Modular Datacenters and Dogfooding the Cloud at Microsoft

Welcome to 2011!!  Hope that the New Year is starting off on the right foot for you.

As I began digging out of emails after the holiday break I came across a couple interesting items that peel back the skin on some of the internal activities happening here at Microsoft that I wanted to share with you.

The first was a blog post from the Microsoft Global Foundation Services team titled “Shedding Light on Our New Cloud Farms”.  The post talks about the work going on building out their next-generation, modular datacenter facilities.  I found the information on ITPACs (IT Pre-Assembled Components) - pre-manufactured, fully-assembled module that can be built with a focus on sustainable materials such as steel and aluminum and can house as little as 400 servers and as many as 2,000 servers, significantly increasing flexibility and scalability – to be very interesting including the ITPAC video at this page.  Additionally the self-running Powerpoint video here shows the actual Modular Datacenter PACs at the Quincy, WA. facility.  If you’re interested in this types of behind the scenes info on Microsoft’s own cloud farms, I urge you to bookmark the Global Foundation Services blog or subscribe to their RSS feed.

The other piece I wanted to highlight is a story on InfoWorld by Eric Knorr titled “Microsoft CIO: We’re dog-fooding the cloud”, which is an interview with Microsoft’s CIO Tony Scott.  At Microsoft, we refer to “Dogfooding” as what we do when we’re testing pre-released versions of our software and services with our internal employees.  Tony discusses dogfooding in the interview with Eric touching on topics like Windows Azure, Office 365, and the private cloud.  I urge you to give the article a read and also check out my previous post from November on the topic as well here which included an interview with Tony on  Here’s a video I included in that post as well:

You can find more information on Microsoft’s business related cloud offerings at the Cloud Power site. 

As always, let me know if you have any comments or questions on this post and I’ll try to get back to you as quickly as possible.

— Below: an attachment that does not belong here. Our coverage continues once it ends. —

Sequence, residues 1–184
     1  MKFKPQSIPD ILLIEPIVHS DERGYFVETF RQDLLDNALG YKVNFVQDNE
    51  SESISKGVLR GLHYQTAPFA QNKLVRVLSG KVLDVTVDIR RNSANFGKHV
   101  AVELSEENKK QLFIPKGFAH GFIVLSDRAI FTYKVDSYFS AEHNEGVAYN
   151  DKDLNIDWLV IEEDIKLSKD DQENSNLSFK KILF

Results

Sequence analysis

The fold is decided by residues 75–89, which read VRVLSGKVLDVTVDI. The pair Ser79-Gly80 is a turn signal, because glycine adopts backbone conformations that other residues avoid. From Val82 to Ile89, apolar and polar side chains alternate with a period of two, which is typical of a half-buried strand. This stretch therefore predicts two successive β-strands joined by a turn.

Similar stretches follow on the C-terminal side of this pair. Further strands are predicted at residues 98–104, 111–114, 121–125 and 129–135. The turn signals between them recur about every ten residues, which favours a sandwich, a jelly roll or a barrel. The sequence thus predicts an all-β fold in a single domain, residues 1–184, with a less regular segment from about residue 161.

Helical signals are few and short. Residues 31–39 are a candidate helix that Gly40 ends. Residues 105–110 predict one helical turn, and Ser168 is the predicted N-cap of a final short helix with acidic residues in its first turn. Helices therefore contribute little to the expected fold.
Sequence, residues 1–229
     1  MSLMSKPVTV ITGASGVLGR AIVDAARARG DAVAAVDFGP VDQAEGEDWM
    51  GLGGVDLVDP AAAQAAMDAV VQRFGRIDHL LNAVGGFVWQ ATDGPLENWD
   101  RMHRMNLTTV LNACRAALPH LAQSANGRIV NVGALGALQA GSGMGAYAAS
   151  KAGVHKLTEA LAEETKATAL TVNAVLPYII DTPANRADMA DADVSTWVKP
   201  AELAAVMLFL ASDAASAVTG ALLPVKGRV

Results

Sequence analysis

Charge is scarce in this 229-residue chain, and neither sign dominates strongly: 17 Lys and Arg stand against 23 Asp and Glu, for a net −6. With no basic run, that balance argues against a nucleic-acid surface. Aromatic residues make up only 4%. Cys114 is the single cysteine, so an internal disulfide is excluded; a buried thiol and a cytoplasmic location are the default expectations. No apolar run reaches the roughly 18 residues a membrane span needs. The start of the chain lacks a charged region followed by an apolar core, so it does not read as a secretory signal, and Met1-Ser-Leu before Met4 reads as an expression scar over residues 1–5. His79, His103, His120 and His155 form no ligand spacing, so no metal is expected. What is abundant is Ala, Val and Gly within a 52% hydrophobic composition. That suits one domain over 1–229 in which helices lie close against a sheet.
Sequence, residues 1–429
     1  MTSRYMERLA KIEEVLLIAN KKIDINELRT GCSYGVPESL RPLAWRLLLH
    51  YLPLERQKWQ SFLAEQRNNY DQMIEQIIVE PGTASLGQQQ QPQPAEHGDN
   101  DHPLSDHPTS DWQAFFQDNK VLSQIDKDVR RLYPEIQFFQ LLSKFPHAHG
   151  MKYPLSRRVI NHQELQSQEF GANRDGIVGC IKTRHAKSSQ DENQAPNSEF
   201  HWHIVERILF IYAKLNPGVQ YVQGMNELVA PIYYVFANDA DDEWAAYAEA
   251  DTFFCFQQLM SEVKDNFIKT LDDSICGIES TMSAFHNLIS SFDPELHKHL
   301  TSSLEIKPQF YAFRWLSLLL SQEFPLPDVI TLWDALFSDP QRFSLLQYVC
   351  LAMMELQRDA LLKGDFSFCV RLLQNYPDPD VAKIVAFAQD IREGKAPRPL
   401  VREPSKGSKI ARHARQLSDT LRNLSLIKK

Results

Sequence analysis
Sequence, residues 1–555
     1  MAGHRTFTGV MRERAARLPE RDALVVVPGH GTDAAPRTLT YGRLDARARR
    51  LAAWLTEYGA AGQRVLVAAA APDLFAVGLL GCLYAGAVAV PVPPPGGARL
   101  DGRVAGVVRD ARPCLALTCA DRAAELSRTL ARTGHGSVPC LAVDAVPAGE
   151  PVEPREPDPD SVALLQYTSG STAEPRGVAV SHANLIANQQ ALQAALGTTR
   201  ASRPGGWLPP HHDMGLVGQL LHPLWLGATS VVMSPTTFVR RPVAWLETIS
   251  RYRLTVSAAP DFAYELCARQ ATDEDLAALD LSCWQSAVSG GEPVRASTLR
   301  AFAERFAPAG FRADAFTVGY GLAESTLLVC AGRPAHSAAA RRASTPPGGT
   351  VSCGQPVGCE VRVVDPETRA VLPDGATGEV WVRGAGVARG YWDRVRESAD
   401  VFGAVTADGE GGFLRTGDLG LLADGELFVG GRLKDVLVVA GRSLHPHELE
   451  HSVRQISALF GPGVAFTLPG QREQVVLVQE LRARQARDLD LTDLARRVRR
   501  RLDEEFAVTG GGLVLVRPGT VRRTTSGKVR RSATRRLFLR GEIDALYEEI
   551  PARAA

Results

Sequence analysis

Thanks for your time today - Larry

Comments (2)

  1. Tory – Cloud computing holds many potential benefits for businesses to consider including reducing the costs and overhead associated with hardware, power, and software maintenance for starters.  Other businesses are benefitting from the benefits of rapid application development and deployment to the cloud.  For some a Private Cloud ( solution may be more appropriate, while others will find a public cloud platform such as Windows Azure ( to be the right choice.  Some other businesses may simply want to start by investing in Software as a Service (SaaS) solutions such and Microsoft’s BPOS offerings (…/trial-bpos.mspx) which include SharePoint Online, Exchange Online and Office Live Meeting.  To start with check out some of the other blog posts on our site which cover topics like the benefits of Private Cloud (…/the-benefits-of-private-cloud-computing.aspx) or the transformation of IT and cloud economics (…/transformation-of-it-and-economics-101-of-the-cloud.aspx).  Finally, explore the Cloud Power site ( where you can find information on what customers, analysts and other third parties are saying about cloud computing.  Hope this is helpful to you in getting started.  Thanks – Larry

  2. Tory Larsen says:

    Larry should one consider investing in 'cloud computing" . Came across it today and looking at the options.

Skip to main content